Insurance Industry Responds to House Approval of NFIP Renewal

Insurance industry trade groups lauded the U.S. House of Representatives’ vote on Nov. 14, reauthorizing the National Flood Insurance Program (NFIP). The 21st Century Flood Reform Act (H.R. 2874) would reauthorize the program for five years and enact operational changes. Advocates from RIMS, the risk management society, the Property Casualty Insurers Association of America, and SmarterSafer.org also asked that the Senate waste no time in passing its version of the measure before its expiration on Dec. 8.

On Sept. 8, President Trump signed legislation passed by both houses to extend NFIP authorization until Dec. 8, which previously had been set to expire Sept. 30.

Dow Jones reports that the act’s reforms include:

  • Authorizing $1 billion to elevate, buy out or mitigate high-risk properties
  • Capping flood insurance premiums at $10,000 per year for homeowners
  • Removing hurdles to the private flood insurance market, which often offers better coverage at lower cost than the NFIP
  • Providing for community flood maps and a homeowner’s ability to appeal their flood designation
  • Better aligning NFIP rates to match a property’s true risk, particularly for in-land and lower-value properties
  • Improving the claims process for flood victims
  • Addressing repeatedly flooded properties, which account for 2% of NFIP policies but 25% of claim payments

While it applauded the U.S. House of Representatives for deciding to reauthorize the NFIP, RIMS, the risk management society, also urged the Senate to quickly follow-up before the program’s Dec. 8 expiration. Allowing the NFIP to expire would have “significant repercussions, impacting both corporate and residential property owners,” said RIMS Vice President Robert Cartwright Jr.

“Nearly five million American consumers rely on the NFIP to protect their homes, properties, and businesses,” said Nat Wienecke, senior vice president of federal government relations at the Property Casualty Insurers Association of America (PCI). “A long-term reauthorization is needed to provide consumers and markets with reliability and stability when it comes to flood insurance coverage.”

SmarterSafer.org, a coalition of taxpayer advocates, environmental groups, insurance interests, housing organizations and mitigation advocates, said in a statement that this year’s “historic hurricane season has pushed the nation’s debt-ridden flood insurance program past the point of bankruptcy once again, so we applaud the House for passing a legislative package that reforms the NFIP to ensure the program is financially sustainable for the future.” The organization also lauded the House for investing in recommended measures including “mapping and mitigation, addressing affordability and providing consumer choice in the flood insurance marketplace.”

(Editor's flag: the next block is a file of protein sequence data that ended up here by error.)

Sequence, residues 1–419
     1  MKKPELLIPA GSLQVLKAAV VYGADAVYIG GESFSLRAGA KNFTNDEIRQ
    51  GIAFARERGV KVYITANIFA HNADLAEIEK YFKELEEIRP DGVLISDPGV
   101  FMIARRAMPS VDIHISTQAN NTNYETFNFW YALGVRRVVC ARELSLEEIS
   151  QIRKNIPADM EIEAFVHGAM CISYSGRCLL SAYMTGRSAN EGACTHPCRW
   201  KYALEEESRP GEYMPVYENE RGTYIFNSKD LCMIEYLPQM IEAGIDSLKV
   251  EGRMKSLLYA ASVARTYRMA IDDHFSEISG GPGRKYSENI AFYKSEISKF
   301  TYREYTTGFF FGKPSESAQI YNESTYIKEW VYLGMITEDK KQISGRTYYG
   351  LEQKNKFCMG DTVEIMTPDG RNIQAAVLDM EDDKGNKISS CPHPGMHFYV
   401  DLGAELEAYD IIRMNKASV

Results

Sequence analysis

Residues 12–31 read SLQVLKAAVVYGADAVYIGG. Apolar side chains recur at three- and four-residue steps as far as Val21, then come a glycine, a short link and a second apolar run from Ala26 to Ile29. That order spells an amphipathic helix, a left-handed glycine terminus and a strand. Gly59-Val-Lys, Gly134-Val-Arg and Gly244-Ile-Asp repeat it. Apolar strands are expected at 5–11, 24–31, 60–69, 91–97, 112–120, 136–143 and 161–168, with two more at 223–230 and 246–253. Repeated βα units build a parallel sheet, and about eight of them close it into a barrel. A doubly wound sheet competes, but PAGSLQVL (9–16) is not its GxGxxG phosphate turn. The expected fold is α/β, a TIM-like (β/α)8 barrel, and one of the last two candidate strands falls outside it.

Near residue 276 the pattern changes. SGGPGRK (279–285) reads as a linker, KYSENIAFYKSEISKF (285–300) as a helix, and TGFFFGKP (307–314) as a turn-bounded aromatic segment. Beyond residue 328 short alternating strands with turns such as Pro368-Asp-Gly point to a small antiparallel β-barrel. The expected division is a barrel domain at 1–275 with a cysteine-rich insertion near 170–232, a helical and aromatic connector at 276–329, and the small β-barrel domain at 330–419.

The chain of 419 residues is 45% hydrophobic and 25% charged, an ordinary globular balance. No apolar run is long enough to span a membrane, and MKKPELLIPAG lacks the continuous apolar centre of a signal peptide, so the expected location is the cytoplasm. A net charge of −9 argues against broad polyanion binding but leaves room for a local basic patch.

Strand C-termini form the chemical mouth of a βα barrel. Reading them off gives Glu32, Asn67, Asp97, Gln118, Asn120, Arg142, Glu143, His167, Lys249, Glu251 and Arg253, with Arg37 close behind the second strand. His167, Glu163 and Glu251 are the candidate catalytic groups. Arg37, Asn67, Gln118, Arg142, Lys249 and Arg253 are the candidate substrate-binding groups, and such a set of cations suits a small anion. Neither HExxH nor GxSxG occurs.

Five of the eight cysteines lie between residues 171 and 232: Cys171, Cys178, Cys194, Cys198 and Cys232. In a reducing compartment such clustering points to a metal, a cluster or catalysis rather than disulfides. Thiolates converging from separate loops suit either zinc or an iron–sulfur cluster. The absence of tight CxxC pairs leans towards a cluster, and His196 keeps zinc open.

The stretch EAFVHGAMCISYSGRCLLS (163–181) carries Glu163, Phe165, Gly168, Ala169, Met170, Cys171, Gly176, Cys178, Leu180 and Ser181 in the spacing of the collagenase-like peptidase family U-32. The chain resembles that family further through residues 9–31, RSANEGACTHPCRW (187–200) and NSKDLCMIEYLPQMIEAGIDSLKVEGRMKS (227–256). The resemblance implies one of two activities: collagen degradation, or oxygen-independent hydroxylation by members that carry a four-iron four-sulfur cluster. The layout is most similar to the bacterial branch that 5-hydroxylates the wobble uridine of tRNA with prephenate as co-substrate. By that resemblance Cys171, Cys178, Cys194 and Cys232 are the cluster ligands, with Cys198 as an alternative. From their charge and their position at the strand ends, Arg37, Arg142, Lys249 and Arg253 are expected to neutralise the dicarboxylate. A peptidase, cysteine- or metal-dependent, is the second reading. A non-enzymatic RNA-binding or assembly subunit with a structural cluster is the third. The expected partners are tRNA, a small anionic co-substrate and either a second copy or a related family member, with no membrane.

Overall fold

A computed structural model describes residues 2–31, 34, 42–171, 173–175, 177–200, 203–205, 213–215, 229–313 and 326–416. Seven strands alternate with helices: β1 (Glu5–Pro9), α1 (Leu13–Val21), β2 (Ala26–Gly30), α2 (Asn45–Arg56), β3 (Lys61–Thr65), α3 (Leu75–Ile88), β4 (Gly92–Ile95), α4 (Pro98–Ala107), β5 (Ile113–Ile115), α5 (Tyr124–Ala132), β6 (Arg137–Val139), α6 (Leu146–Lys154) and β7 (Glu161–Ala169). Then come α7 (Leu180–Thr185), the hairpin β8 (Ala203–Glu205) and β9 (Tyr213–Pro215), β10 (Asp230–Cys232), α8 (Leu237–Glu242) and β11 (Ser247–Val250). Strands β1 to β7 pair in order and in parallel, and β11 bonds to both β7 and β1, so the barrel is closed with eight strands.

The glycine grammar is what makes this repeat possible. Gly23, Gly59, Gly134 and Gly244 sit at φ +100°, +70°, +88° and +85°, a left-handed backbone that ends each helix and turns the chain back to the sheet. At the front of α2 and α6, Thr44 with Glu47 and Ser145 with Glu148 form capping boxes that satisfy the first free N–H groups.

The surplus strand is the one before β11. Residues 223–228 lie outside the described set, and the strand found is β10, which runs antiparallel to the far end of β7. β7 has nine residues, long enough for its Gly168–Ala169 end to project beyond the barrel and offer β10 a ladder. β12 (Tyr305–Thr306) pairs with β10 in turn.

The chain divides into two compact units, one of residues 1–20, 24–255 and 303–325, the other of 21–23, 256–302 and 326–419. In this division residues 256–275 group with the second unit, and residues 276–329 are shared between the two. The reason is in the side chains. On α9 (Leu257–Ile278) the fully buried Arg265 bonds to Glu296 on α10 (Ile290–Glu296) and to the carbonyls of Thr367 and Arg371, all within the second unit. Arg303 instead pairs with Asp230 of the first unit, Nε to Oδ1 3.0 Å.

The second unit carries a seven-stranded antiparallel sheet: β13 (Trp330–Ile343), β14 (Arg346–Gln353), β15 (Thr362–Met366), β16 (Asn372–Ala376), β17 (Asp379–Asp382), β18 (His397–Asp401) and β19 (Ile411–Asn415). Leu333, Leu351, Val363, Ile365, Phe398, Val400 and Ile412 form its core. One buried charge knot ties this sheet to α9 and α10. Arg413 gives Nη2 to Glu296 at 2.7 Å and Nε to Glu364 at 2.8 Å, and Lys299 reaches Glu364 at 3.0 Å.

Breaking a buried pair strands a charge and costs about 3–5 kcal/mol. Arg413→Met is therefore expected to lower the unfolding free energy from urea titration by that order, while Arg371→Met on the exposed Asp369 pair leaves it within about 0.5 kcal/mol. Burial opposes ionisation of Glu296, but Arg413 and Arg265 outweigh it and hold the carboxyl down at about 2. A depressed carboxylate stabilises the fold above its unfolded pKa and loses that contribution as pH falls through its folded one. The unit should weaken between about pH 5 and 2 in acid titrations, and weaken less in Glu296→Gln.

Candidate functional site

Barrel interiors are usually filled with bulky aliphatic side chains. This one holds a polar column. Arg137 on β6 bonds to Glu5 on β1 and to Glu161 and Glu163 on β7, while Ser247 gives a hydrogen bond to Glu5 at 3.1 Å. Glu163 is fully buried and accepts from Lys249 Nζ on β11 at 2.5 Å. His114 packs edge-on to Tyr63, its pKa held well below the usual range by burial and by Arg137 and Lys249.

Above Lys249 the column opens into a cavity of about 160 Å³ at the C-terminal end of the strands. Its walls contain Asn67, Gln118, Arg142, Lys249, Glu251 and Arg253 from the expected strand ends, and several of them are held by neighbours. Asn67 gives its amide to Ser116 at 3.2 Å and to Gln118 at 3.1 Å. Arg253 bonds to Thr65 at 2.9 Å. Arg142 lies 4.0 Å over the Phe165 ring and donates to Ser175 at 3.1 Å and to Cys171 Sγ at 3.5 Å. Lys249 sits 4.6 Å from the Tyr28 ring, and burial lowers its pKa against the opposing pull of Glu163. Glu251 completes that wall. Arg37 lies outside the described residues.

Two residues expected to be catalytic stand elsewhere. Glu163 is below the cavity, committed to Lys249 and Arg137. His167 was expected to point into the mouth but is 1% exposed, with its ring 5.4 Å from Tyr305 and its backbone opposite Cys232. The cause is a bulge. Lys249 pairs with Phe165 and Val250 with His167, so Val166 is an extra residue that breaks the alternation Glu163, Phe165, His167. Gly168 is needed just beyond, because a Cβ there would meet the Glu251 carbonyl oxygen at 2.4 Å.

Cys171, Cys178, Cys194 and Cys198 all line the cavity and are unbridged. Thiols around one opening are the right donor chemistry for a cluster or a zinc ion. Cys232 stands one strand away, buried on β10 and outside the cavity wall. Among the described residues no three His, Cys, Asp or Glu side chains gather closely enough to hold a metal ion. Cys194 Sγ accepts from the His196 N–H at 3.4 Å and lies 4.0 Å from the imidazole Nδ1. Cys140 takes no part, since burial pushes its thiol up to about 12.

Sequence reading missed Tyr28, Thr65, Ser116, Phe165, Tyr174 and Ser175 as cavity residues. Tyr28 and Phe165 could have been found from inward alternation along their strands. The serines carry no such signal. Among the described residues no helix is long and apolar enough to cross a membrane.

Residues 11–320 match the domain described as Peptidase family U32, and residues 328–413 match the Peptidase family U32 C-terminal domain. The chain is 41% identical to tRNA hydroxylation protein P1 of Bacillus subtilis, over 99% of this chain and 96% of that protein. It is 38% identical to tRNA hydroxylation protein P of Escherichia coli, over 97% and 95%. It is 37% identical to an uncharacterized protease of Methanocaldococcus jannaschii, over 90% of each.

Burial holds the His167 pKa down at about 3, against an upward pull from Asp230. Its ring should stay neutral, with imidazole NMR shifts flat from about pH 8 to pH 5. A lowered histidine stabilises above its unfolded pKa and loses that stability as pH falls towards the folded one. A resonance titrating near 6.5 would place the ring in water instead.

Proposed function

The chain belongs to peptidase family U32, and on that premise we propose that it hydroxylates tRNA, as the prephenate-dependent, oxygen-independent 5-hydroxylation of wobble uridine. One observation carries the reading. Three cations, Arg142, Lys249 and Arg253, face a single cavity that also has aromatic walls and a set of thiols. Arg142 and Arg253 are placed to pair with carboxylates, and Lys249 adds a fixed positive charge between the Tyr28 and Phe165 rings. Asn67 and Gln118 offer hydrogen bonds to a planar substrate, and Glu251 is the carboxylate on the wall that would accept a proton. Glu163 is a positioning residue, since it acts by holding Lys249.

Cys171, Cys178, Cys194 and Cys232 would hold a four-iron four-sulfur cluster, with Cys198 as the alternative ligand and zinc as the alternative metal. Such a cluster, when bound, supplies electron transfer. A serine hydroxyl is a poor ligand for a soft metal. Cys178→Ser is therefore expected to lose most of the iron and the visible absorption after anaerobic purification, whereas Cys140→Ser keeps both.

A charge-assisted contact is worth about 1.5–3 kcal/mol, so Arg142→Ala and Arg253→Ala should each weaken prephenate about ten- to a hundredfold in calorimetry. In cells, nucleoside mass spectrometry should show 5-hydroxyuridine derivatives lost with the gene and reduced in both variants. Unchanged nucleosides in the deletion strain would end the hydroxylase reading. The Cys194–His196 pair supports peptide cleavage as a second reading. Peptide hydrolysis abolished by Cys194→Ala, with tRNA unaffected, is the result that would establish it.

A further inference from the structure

The NFIP was created more than 50 years ago to provide affordable flood insurance as private insurers pulled out of the market. The program’s large debt led Congress to cancel $16 billion of its debt last month. NFIP now has about $6 billion to pay claims and $10 billion left that it can borrow from the Treasury Department, according to the Federal Emergency Management Agency, which manages the program.

6.5 Million U.S. Homes Worth Nearly $1.5 Trillion at Risk of Hurricane Storm Surge Damage

Storm Surge Flooding MISHELLA / Shutterstock.com

More than 6.5 million homes along the U.S. Atlantic and Gulf coasts are at risk of storm surge inundation, representing nearly $1.5 trillion in total potential reconstruction costs, according to Corelogic’s 2014 Storm Surge Report. Of that risk, more than $986 billion is concentrated within 15 major metropolitan areas.

While many homes and businesses most vulnerable to hurricane damage are in Federal Emergency Management Agency flood zones, these represent just a fraction of the structures that suffer a hurricane’s effects. Homeowners who live outside the FEMA flood zones typically do not carry flood insurance, given that there is no mandate to do so, and therefore may not be aware of the potential risk storm surge poses to their properties, Corelogic explains.

Uncertainty about the geographical and meteorological risks may lull many into a false sense of safety. “This year’s season is projected to be slightly below normal in hurricane activity, but the early arrival of Hurricane Arthur on July 3 is an important reminder that even a low-category hurricane or strong tropical storm can create powerful riptides, modest flooding and cause significant destruction of property,” said Dr. Thomas Jeffery, senior hazard scientist for CoreLogic Spatial Solutions.

Florida ranks number one for the highest number of homes at risk of storm surge damage, with nearly 2.5 million homes at various risk levels and $490 billion in total potential exposure to damage. Here’s how all 19 states studied stack up, based on number of homes at risk:

State Table (Ranked by Number of Homes at Risk)

At the local level, the New York metropolitan area (including northern New Jersey and Long Island) contains not only the highest number of homes at risk for potential storm surge damage (687,412), but also the highest total reconstruction value of homes exposed, at more than $251 billion. Take a look at the storm surge risk for the top 15 metro areas: